Look, the prudent thing on the common dividend and on every decision you make every day is to retain optionality. And we don't know just like you don't know what is in front of us tomorrow. So we can talk about hospitality occupancies, we can talk about what's happening in wellness infrastructure, we can talk about what's happening in the credit businesses, and borrowers, counterparties, tenants, occupants are all under tremendous pressure. So we go day-to-day on the basis of saying, the key to long-term survivability and common stock profitability is day-to-day liquidity. And I think that's the only answer anybody can give at this point in time.

Mark, do you want to comment on the recourse aspects of debt?

Mark M. Hedstrom -- Executive Vice President, Chief Financial Officer and Chief Operating Officer

Sure, Tom. And just briefly, I think we have substantial corporate debt, of course, at the investment level, all of our debt subject to customary carve-outs is non-recourse. And at the corporate level, we're in compliance with all of our debt covenants and conditions, and we expect to be able to meet obligations as they arise. So, we're -- there's really no leakage out of the investment level and corporate debt is well under control today.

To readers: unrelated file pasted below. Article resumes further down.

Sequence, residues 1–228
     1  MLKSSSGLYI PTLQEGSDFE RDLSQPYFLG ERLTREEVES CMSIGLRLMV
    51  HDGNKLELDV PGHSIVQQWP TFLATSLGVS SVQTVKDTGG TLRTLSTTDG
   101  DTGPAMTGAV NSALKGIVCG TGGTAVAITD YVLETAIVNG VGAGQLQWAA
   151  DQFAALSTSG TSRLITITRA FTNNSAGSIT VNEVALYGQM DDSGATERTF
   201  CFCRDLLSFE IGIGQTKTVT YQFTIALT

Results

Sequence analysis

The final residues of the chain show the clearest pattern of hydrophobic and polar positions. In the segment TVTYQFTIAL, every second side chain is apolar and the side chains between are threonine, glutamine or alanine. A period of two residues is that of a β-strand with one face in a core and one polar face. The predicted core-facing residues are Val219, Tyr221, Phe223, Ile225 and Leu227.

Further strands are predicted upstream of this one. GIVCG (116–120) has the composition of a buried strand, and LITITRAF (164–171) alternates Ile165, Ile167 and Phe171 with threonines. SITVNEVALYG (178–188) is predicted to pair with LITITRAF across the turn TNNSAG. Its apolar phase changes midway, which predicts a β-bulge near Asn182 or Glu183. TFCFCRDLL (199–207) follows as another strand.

Jade Rahmani -- KBW -- Analyst

In terms of the liquidity, the press release notes say $1 billion of corporate cash on hand, which includes $600 million of revolving credit facility capacity. What are your expectations for cash utilization for 2020, what are your expectations for cash generation for 2020, and what are the covenants on the recourse debt?

Thomas J. Barrack -- Executive Chairman and Chief Executive Officer


Mark M. Hedstrom -- Executive Vice President, Chief Financial Officer and Chief Operating Officer